“Things on the state level have been rather stagnant because the government on the state level has not been formed yet, but much buzz was created around the Federation of B&H Government’s proposed new Law on Contributions and new Income Tax Law,” says Mirna Milanovic-Lalic, Partner at the Mirna Milanovic-Lalic i Jasmina Suljovic Law Firm in Sarajevo.

“What we are seeing lately is a fragmentation of the legal market, as well as intensifying competition,” says Peter Petrov, Partner at Boyanov & Co. in Bulgaria. “While no major players have entered or exited the market, there have been moves between legal teams, as well as existing teams developing new expertise.”

Frances Gerrard, a member of CMS’s Corporate and M&A team in Prague, is a long way from her home in Australia. We spoke to her about the path that brought her to the Czech capital.

The Deal: Earlier this year, CEE Legal Matters reported that Clifford Chance Prague had advised CTP, an industrial developer in the CEE region, on a EUR 1.9 billion underwriting package agreement with Erste Group Bank AG; Ceska Sporitelna a.s.; Societe Generale S.A. and Komercni Banka a.s.; and UniCredit S.p.A. and UniCredit Bank Czech Republic and Slovakia a.s. White & Case advised the lenders on the agreement, which covered CTP’s Czech industrial portfolio consisting of over 200 buildings and covering 2.7 million square meters of industrial space.

Hungary’s Danubia Patent and Law Office traces its roots back almost three quarters of a century. Danubia Partners Eszter Szakacs and Zsofia Klauber explain how the firm has managed to stay on top of the market for so long, through significant periods of technological, political, legal, and historical transformation in the country and culture around it.

In February 2019 CEE Legal Matters reported that Integrites and K&L Gates had advised Norwegian utility-scale wind power developer NBT and Paris-based renewable energy independent power producer Total Eren on their entrance into a framework agreement with a syndicate of foreign lenders, including the EBRD and the Nordic Environment Finance Corporation, for the construction of the Syvash wind farm – one of the largest in Europe. Redcliffe Partners and Clifford Chance advised the lenders and J.P. Morgan Securities Plc as debt coordinator.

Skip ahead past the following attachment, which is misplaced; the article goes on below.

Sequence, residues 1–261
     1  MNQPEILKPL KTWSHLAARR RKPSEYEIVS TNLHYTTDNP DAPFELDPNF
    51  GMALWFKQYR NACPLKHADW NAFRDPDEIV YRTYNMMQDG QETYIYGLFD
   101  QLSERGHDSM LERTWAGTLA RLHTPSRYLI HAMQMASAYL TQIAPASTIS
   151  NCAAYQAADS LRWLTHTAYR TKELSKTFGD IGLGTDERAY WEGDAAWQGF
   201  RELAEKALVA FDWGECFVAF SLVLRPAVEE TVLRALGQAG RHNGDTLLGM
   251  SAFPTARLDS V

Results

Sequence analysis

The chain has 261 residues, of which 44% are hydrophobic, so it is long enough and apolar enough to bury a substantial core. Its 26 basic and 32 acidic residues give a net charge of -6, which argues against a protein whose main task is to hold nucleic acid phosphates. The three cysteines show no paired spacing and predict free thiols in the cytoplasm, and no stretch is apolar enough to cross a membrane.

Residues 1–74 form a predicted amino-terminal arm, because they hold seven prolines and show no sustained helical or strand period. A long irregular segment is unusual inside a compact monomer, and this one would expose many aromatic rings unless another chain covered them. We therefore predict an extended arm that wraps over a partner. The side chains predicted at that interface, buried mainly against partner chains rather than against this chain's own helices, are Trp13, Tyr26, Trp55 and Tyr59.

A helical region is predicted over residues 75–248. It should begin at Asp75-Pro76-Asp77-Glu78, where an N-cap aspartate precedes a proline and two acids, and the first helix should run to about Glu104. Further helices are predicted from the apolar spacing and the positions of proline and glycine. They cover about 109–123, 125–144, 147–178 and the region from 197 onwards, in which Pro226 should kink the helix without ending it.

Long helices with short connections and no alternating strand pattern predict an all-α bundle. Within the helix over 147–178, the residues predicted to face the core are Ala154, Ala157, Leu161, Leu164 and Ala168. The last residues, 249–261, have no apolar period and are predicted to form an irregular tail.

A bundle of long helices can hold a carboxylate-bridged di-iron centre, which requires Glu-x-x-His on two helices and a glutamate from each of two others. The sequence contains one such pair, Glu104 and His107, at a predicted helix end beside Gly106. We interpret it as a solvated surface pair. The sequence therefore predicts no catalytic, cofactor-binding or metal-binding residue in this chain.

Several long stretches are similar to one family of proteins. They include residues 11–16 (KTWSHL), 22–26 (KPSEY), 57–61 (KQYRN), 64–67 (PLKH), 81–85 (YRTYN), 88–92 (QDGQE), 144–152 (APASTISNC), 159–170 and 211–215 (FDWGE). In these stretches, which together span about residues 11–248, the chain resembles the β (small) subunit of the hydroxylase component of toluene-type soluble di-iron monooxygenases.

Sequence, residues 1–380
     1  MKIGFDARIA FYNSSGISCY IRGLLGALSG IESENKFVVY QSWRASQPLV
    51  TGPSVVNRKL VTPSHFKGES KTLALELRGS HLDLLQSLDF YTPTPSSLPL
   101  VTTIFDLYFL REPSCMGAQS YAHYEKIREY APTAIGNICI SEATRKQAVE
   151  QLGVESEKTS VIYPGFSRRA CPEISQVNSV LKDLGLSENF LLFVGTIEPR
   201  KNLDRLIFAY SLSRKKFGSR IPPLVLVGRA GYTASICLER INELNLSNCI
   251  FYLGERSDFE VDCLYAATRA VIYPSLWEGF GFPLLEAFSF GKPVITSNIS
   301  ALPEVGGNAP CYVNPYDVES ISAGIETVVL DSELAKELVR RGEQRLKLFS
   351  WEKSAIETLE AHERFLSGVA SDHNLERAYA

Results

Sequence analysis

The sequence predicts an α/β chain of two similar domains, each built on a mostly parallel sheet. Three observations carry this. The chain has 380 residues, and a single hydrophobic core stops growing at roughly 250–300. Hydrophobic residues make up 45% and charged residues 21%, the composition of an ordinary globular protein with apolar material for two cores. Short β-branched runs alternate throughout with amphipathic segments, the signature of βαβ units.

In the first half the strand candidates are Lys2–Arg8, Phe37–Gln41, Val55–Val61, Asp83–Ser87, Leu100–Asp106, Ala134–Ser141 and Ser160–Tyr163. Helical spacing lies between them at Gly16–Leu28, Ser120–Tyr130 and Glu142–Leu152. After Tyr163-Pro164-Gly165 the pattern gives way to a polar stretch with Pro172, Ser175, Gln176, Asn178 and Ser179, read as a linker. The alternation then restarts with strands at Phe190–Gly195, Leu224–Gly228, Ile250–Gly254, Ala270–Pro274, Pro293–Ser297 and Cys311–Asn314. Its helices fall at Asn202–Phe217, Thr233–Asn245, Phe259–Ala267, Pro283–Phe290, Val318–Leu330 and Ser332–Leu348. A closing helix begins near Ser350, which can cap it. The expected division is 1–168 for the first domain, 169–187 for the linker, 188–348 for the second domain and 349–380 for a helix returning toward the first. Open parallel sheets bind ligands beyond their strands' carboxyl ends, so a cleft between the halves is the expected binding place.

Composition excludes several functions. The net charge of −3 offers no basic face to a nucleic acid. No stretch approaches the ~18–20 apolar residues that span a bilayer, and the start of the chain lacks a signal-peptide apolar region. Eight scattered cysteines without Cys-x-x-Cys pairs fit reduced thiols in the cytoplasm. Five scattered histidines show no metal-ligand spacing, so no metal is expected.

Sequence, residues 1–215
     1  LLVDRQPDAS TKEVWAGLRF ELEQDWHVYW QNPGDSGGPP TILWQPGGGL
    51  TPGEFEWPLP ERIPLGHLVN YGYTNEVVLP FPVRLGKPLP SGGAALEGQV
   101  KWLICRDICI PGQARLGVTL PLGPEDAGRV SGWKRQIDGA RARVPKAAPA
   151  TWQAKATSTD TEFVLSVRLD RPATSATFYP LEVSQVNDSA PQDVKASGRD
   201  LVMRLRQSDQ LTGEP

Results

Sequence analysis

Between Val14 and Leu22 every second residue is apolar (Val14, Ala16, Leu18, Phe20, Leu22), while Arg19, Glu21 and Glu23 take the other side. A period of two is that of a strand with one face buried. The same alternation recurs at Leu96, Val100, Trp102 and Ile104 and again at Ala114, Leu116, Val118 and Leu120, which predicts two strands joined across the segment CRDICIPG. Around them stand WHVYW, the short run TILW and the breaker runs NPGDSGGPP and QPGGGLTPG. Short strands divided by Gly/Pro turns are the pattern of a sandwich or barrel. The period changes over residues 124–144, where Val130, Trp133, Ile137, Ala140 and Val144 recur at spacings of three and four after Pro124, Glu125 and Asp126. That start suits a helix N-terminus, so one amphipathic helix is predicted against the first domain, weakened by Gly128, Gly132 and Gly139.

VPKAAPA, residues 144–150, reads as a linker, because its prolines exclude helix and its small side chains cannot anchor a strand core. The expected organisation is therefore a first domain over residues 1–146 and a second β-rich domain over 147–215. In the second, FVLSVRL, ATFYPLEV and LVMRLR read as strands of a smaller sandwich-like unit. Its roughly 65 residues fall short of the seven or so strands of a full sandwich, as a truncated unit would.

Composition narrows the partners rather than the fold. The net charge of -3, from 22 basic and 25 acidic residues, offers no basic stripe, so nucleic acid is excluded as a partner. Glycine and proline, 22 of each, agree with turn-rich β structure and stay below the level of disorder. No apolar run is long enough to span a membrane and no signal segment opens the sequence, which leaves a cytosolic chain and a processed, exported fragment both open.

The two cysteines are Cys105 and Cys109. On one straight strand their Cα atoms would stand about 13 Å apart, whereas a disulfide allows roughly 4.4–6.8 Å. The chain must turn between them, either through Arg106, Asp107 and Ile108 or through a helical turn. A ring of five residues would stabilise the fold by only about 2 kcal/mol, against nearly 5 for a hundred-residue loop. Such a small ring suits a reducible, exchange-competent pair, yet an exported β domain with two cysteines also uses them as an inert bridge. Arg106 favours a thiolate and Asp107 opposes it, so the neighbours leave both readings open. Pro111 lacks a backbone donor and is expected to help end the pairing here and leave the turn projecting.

In September 2018 Schoenherr Partner Thomas Kulnigg advised crowd-investing company Conda AG on the digitalization of its shares, allowing the registered shares to be managed via blockchain technology. The project represented the first-ever digitalization of shares linked to digital tokens in an Austrian joint stock company. The tokens were digital units that were mined exclusively by Conda on a blockchain (dis-tributed ledger technology) protocol and then given to company shareholders. When a shareholder trans-fers a token to another person, the transfer is recorded in the blockchain and, on that basis, the transfer is also registered in Conda’s share ledger. The transfer of a token is thus the equivalent of a share transfer.

Virginia Murray is a partner in Watson Farley & Williams’ International Project & Structured Finance Group and is Head of the Greek law Corporate, Projects and Finance practice in the firm’s Athens office. She graduated from Cambridge in 1989 and moved to Greece and qualified as a Greek lawyer in 1998. She is fluent in Greek.

If one is an example, two is a coincidence, and three is a trend, the three major law firm mergers in Ukraine this past summer demand closer scrutiny.